The high-end audio industry is relentless in its pursuit of better sound and nothing beats beryllium
Beryllium’s unique qualities as an acoustics material have long been treasured by audiophiles. Its exceptional stiffness-to-mass ratio is far beyond that of aluminum or titanium, enabling it to deliver much greater high frequency, lower distortion and overall superior clarity. But beryllium’s high comparative cost and fabrication challenges posed a major hurdle to greater market acceptance. That was then.
Over the past decade, Materion’s Electrofusion operation, based in Fremont, California, has developed rolled foil beryllium for acoustic applications and reduced the manufacturing costs. These advances strengthen Materion’s position as the world’s only supplier of pure beryllium acoustic components under the Truextent® brand.
Last year, Electrofusion introduced a family of ready-to-install compression driver diaphragm assemblies under the BeX™ brand. The assemblies include a pure beryllium dome, a polymer surround for extended lifespan without sound degradation, and an aluminum voicecoil to minimize the overall mass.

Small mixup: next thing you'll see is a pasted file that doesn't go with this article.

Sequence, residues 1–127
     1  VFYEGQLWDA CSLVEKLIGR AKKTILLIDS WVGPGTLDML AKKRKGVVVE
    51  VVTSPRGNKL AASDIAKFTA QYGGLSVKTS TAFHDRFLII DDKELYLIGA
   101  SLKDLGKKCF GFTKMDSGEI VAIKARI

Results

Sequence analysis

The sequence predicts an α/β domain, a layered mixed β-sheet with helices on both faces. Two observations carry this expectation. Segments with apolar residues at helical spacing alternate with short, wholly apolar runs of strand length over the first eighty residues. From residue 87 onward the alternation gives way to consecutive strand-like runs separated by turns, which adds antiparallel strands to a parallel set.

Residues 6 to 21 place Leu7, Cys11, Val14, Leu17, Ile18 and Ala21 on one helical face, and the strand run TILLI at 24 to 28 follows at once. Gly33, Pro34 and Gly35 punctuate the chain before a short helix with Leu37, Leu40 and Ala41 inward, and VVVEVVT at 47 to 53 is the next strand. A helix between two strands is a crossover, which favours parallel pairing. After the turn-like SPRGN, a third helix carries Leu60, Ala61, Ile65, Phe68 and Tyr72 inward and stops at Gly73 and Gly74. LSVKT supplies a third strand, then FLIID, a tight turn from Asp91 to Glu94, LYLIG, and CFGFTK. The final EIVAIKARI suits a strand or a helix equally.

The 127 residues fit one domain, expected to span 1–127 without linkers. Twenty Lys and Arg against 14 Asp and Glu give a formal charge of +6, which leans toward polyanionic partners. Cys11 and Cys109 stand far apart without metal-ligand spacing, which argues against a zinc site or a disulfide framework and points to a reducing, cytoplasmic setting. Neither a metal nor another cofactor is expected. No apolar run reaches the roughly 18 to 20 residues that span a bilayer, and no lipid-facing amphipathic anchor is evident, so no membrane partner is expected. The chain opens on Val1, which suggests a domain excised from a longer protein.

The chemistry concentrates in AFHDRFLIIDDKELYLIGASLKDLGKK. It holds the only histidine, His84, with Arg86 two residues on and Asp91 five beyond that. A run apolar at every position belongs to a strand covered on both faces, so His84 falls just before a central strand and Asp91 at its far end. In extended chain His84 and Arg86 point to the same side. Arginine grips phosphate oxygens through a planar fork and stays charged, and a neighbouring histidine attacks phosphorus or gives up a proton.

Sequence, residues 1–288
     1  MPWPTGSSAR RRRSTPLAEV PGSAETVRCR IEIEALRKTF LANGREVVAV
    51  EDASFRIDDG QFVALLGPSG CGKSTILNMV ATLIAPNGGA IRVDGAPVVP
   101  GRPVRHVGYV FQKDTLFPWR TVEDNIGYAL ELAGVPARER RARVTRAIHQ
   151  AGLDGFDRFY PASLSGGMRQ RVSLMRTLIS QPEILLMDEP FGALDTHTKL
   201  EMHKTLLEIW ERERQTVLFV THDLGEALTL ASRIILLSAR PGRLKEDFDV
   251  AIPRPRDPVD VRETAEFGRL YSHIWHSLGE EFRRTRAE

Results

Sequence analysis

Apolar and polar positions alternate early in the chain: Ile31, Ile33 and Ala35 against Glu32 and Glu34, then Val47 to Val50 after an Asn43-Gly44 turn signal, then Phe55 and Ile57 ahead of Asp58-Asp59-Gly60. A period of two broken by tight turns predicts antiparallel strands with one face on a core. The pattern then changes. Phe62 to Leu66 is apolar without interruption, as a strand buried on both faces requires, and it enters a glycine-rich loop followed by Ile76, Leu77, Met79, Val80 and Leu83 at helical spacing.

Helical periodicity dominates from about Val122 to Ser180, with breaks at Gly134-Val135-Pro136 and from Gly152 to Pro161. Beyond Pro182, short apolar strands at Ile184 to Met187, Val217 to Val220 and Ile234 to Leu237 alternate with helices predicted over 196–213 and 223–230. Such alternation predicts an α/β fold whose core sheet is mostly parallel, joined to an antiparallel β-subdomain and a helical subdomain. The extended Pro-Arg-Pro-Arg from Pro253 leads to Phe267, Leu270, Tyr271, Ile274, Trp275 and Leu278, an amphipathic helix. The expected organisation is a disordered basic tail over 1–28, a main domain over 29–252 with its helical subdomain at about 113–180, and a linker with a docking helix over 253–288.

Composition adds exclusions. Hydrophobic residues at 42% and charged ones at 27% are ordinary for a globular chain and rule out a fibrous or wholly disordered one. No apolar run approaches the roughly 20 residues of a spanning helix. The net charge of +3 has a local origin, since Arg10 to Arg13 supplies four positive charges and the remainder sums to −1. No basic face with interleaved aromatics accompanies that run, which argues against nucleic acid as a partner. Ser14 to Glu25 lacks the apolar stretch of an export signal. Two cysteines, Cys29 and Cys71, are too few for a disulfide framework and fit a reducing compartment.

Electrofusion has been focused on the professional audio market but is beginning to expand into the high-end consumer and automotive hi-fi markets as interest in acoustic beryllium expands.
“We are getting closer to our customer base, doing co-branded marketing and advertising, establishing formal partnerships, and having discussions with a number of major players,” says Materion Truextent Product Manager Steve Willenborg. “We are creating very strong champions for the material.”
One of those advocates is Ken Berger, co-founder and CEO of VUE Audiotechnik and an icon in the professional audio industry. VUE and Materion signed a partnership agreement last year to develop a family of compression drivers (often seen suspended in line arrays at concerts and in theaters) and explore other applications of acoustic beryllium and other advanced materials available through Materion.
“The potential now exists for beryllium-based transducers to expand beyond just the high end and into broader sound reinforcement applications,” says Berger. “People who know audio want beryllium in their high-end systems,” says Willenborg. “The road to mass production requires us to continue to lower our own production costs to allow lower end-product pricing. If we can continue to do that, the market is virtually unlimited.”